Startup in the Seattle area Truveta released a first version of its healthcare data platform and signed three new partners for its healthcare provider system. The total funding raised by Truveta also reached nearly $ 200 million, the company announced Tuesday.
The new money follows a $ 95 million Series A round grown up in July by members of its healthcare system and an undisclosed investment by Microsoft unveiled in September as part of a partnership to build Truveta’s platform on the tech giant’s Azure cloud platform.
Truveta emerged in 2020 with an ambitious vision: to aggregate data across multiple health systems to provide medical insights.
The company “was born from the experience in the pandemic that we do not have the data we needed to know how to take care of our patients, to know which therapies have worked well”, the CEO Terry Myerson he said in an interview with GeekWire. Myerson is a former Microsoft executive who headed the company’s Windows and Devices Group before leaving in 2018 after a 21-year career at the tech giant.
At the start of the pandemic, “doctors were really grabbing straws for patient data. What are the different medical diagnoses that bring people to the hospital?” She said Michael Simonov, director of clinical informatics at Truveta who has treated COVID-19 patients as a practicing physician for the Veterans Administration in Connecticut. He is also a lecturer in health informatics at Yale University.
The company now has more than 100 employees and has signed 20 health system members with new partners. It has access to the data of over 35 million people, which represents 16% of health care in the United States
The new health systems are Ochsner Health in Louisiana, Saint Luke’s Health System in Kansas, and West Des Moines, Iowa-based UnityPoint Health.
The company has begun to de-identify and aggregate health data, with a focus on COVID-19. In an interview with GeekWire e in a video, Myerson presented a dashboard tapping into individuals within its partner health systems.
For example, the data provides information on COVID-19 vaccinated patients who have breakthrough infections. For each question, the system will provide data only on patients whose data has been anonymized and is ready for analysis.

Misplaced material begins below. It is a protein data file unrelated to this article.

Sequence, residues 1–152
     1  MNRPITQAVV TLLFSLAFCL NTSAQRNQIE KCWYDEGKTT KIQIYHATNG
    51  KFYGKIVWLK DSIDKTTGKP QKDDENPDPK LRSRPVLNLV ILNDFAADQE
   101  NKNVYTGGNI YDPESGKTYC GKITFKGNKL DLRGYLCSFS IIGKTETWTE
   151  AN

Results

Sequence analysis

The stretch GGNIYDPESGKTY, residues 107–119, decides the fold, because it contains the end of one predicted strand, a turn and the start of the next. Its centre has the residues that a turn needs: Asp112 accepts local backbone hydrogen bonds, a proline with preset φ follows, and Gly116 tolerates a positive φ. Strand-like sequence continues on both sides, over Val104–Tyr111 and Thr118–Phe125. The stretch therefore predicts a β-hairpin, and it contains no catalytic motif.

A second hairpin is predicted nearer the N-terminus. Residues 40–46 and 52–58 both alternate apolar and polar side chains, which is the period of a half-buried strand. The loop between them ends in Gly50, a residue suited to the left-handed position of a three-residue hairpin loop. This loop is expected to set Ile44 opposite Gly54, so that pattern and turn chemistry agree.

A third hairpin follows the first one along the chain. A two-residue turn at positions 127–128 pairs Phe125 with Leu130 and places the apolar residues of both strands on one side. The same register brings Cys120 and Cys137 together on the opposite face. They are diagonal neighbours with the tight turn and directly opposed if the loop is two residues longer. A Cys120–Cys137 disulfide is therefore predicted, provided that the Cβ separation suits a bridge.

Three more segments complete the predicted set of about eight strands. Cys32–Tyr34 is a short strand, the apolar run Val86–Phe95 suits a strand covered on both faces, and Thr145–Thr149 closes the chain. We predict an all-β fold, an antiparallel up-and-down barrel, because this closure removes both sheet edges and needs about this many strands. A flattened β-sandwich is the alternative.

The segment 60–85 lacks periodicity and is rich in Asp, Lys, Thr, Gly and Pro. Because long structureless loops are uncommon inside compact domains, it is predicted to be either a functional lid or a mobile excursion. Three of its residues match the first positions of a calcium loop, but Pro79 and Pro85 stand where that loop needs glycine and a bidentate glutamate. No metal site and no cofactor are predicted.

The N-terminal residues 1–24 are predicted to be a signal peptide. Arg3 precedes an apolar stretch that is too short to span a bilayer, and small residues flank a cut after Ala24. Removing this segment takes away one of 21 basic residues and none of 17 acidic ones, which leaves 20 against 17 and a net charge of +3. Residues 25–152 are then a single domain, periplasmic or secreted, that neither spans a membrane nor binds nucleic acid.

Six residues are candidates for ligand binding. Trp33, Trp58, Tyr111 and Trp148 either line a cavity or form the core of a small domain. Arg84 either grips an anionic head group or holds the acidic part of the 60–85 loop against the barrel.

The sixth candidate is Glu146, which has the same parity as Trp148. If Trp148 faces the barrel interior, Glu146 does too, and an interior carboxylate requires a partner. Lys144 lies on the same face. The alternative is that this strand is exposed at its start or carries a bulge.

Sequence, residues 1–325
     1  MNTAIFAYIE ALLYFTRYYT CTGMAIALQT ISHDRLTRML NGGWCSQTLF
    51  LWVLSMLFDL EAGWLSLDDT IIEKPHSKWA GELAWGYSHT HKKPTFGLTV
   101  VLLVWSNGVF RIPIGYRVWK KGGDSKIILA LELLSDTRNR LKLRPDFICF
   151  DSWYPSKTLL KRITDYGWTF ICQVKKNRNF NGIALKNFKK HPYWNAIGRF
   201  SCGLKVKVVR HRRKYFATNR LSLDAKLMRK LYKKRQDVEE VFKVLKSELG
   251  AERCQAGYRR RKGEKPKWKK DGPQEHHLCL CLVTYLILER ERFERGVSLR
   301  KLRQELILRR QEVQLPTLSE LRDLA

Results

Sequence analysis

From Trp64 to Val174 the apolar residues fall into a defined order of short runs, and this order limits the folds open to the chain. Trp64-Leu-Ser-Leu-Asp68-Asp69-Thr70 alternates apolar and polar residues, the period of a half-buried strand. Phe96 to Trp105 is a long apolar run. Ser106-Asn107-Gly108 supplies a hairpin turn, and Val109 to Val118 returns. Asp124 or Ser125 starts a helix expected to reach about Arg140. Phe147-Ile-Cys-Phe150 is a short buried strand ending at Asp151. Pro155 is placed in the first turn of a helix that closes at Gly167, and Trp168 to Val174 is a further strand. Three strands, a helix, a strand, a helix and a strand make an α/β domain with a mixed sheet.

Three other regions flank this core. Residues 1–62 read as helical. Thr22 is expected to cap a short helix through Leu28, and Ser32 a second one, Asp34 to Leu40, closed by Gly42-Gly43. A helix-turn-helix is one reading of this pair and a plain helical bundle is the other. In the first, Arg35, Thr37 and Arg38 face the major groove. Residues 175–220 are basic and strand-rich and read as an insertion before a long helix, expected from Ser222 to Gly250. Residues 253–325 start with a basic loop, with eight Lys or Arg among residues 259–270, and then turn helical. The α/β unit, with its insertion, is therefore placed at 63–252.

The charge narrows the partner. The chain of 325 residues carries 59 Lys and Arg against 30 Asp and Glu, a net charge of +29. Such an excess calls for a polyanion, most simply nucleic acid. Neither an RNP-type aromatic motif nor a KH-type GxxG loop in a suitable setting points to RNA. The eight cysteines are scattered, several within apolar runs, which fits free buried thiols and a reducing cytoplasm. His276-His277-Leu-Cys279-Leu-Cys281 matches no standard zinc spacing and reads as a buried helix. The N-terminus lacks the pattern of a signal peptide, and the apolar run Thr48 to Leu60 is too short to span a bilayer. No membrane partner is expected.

The company released a first analysis of approximately 1.7 million fully vaccinated patients, showing that patients with certain chronic conditions are more likely to be hospitalized after a groundbreaking diagnosis of COVID-19 than the general population. People with diabetes, chronic lung disease, or chronic kidney disease were nearly twice as likely to be hospitalized, in line with findings from other studies.
“We have the ability to be very transparent about how each population was defined and how each parameter within that population was defined,” Myerson said, adding that data such as age, ethnicity and other conditions are readily available.
The first analysis has limitations. For example, it does not specify whether people were hospitalized specifically for COVID-19. But the researchers aim to dig deeper into the data in the future and expand to new questions about health care.
“There will be more questions and more answers and iterations, and just continuous improvement,” Myerson said.
The new findings show the potential power of Truveta’s large dataset.
The data is available to health researchers within the company’s partner institutions. These include Providence, the largest health care system based in the state of Washington. Providence what? involved in the formation of the company and has fostered growth startup collection, such as digital health services company Xealth.
External researchers are encouraged to contact Truveta for access to its platform as well, the company said. Health data is required by medical service providers as well as pharmaceutical companies and academic researchers developing new tools and treatments. Linking treatments with outcomes and underlying health can allow researchers to better understand the effectiveness of health interventions.